My beautiful sister also transferred into the business program at her school, and several of my college friends are moving on to graduate programs. Plus, my college advisor will be a daddy very soon! Please pray for us all as we move onto new things in God’s plans for each of us, and know that you too are in my prayers.
…but the blogging continues!
The blog is—well, my blog schedule gives me an accusatory glare every time I open it. I am so behind! I will do my best to return to semi-regular posting in between packing for D.C. and summer obligations! Please pray that God gives me some motivation! I try to brainstorm new posts, but everything comes up blank. I do have a few things in the works, so hold on and please come back! OOTheW is by no means dead. Once I get my brain in order, we’ll be back on track.
Again, God bless you all my dear readers! It was so heartwarming to see traffic, even though posts have been absent for a while. Exams, graduation, and general life had me in a bind, but I am so happy to be writing again! I hope to hear from you soon!
In His Sacred Heart,
Hey all! Today begins Translation Tuesdays, starting with 1 John 1-7. I’m excited for this series; it should last until the end of April, when my class is finally over and we turn in our translation notebooks. I hope we can learn more about scripture together! Here’s to remembering to post and actually getting my homework done! Don’t you just love it when you can do two things at once? But enough of that. Onward, my dear readers!
The Translation Notebook
Part of my grade is being something I’m not very often—organized. We weren’t given much to go on except “a notebook,” so being me, I went to the campus bookstore the next day and picked up a plain jane spiral notebook. (Don’t go to your campus bookstore without an arm and a leg for cash…)
I even color-coded! The Greek is in pink, my final translation is in blue, and the NRSV text is purple. I made the verse numbers orange and I’m using green to write the assignments. (Hey, I finally found a use for my mountain of pens!) I’m hoping that maybe, once we’ve translated and corrected everything, I’ll be able to transcribe everything in a nicer notebook to keep. A good way to memorize 1 John, yeah?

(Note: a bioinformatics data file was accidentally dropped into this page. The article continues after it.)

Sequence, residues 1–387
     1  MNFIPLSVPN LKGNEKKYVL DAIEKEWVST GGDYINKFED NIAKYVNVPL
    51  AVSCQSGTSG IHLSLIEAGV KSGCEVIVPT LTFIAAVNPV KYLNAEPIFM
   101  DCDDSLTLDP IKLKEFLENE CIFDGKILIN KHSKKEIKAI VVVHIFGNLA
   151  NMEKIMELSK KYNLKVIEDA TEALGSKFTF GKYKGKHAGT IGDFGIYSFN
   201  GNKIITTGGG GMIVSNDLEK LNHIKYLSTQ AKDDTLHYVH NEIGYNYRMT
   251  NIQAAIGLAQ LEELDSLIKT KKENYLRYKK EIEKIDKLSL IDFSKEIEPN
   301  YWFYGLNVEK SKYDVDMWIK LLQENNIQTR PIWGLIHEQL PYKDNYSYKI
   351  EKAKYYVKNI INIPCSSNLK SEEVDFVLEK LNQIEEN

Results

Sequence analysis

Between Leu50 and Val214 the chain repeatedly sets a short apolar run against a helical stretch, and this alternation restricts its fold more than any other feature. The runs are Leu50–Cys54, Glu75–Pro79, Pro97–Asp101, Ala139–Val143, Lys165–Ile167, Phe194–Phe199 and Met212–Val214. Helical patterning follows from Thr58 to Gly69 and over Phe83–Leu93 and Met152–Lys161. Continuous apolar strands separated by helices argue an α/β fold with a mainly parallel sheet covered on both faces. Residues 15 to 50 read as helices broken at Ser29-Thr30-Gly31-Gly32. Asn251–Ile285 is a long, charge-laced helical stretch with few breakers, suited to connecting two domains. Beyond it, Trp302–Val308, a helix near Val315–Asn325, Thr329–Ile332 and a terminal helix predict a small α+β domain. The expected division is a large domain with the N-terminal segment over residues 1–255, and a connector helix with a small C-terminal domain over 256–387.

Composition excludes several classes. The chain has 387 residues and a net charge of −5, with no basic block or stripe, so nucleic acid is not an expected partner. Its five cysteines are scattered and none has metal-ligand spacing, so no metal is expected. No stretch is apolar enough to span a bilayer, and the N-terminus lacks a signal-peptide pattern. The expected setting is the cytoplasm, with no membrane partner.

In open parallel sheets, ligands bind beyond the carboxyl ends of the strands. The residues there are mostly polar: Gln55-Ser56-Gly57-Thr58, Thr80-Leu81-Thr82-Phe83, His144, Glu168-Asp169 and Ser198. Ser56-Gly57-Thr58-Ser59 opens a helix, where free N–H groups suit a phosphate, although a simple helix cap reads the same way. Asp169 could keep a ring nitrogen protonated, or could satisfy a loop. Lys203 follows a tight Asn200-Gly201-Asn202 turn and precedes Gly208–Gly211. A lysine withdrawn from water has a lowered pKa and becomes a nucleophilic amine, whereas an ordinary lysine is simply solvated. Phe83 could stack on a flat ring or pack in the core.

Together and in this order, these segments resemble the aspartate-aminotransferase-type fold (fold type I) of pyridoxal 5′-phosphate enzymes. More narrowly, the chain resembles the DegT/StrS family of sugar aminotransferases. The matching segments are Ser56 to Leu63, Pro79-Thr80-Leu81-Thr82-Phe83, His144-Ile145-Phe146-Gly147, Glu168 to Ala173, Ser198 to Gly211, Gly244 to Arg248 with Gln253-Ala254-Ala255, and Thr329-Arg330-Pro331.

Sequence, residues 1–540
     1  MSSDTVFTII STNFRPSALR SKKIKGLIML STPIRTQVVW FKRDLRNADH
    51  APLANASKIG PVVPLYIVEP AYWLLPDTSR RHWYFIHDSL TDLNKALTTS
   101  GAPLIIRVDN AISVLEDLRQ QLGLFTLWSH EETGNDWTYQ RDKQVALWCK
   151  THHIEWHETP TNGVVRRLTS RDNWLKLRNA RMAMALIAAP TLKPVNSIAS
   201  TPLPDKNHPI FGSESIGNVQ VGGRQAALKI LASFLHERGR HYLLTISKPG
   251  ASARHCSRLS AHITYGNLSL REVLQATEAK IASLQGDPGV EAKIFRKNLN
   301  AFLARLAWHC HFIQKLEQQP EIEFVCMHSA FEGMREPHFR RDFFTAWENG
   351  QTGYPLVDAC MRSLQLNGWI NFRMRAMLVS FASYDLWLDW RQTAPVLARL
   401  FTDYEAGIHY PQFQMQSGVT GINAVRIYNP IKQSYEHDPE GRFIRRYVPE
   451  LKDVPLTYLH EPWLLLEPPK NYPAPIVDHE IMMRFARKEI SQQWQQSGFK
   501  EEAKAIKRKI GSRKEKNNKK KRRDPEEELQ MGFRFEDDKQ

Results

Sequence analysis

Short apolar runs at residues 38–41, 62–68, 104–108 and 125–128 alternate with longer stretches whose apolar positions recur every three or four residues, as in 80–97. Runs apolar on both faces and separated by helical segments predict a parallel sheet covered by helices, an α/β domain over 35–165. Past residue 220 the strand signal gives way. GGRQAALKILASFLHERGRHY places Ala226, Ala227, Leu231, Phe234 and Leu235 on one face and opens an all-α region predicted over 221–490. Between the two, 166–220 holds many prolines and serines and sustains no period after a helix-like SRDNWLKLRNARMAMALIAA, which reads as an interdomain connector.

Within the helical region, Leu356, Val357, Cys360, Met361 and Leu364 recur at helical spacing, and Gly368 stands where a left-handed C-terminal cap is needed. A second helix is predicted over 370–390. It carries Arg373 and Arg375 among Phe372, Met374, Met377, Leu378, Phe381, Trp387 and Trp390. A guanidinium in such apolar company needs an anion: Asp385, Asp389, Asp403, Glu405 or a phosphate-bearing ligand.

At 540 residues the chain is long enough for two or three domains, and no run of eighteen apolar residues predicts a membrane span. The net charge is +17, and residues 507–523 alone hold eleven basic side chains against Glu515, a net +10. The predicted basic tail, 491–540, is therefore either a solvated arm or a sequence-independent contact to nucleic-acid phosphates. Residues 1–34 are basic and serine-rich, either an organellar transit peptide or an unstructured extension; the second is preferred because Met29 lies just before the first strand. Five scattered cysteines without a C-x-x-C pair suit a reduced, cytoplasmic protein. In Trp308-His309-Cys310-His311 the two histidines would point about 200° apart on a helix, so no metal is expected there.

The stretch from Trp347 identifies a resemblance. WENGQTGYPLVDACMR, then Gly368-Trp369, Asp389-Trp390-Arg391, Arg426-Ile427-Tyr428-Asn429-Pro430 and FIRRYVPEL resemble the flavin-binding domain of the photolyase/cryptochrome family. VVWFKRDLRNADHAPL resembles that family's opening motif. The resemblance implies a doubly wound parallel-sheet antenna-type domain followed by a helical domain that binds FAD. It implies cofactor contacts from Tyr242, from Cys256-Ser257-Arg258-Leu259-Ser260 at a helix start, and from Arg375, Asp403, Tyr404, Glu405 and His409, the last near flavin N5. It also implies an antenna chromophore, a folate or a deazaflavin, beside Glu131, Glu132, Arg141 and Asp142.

I have a newfound respect for Bible translators. This first assignment wasn’t too bad—not a lot of new words or odd constructions—but I still struggled. Like in verse five, the Greek reads, “Καὶ ἔστιν αὕτη ἡ ἀγγελία ἣν ἀκηκόαμεν ἀπ’ αὐτοῦ καὶ ἀναγγέλλομεν ὑμῖν, ὅτι ὁ θεὸς φῶς ἐστιν καὶ σκοτία ἐν αὐτῷ οὐκ ἔστιν οὐδεμία.”
This verse is one of my favorites in the New Testament, but boy is it confusing in Greek! I’m okay up until “ὁ θεὸς φῶς ἐστιν,” and then it gets really weird. Greek is odd because it doesn’t matter what order the words are in as much as what case the words are in. So “σκοτία ἐν αὐτῷ οὐκ ἔστιν οὐδεμία” literally reads, “darkness in him not is nothing.” (As best as I can tell anyway.)
But this is where you get one of those cool Greek emphasis things going on, so what it’s really saying is, “God is light, and in him there is no darkness at all.” (NRSV) “οὐδεμία” can mean nothing, but it’s really a giant underscore yelling, “No darkness, period. ” Language nerd happiness!
The same thing happens in verse four, which in the NRSV reads, ‘We are writing these things so that our joy may be complete.” The English doesn’t translate “ἡμεῖς,” which I think is there for emphasis. As if the verse were saying, “Yes, we are writing these things—us the apostles.” With all the false prophets going around, I can see why they’d write this way. I suppose we’ll have to wait and see if I got it right in class today.
Thanks for reading everyone! I hope that was an informative, fun post for you all! Tell me what you think. What would you like to see in Translation Tuesdays? Also, here’s a Pronunciation Guide for the Greek; I think we are using the Erasmian pronunciation in my class. Have a great week—1 John and I will see you next Tuesday!
In His Sacred Heart,
Since Holy week is coming up, I thought I’d share with you all this beautiful photography post I found in my feed. Check out Tales from the WagginMaster—it’s a good read!
What an exciting finish for Photography101. And a hardy Thank You for the Happiness Engineers at WordPress for moderating this and other wonderful courses.
Triumph & Contrast
It was a dark Friday, so many years ago. The Roman Government had just arrested Jesus of Nazareth. They considered him a radical and a threat to their control over the people, especial those impacted by the teachings of Jesus.
On that dark day, Jesus was mocked, scourged and nailed to an old rugged cross. He was about to be crucified – a sentence reserved for criminals who commented heinous crimes.
For several hours, Jesus hung on that cross, writhing in pain. Shortly before sundown, he gave up his spirit and breathe his last.
Jesus was buried in a borrowed tomb. The Romans got rid of the problem; they were triumphant or so…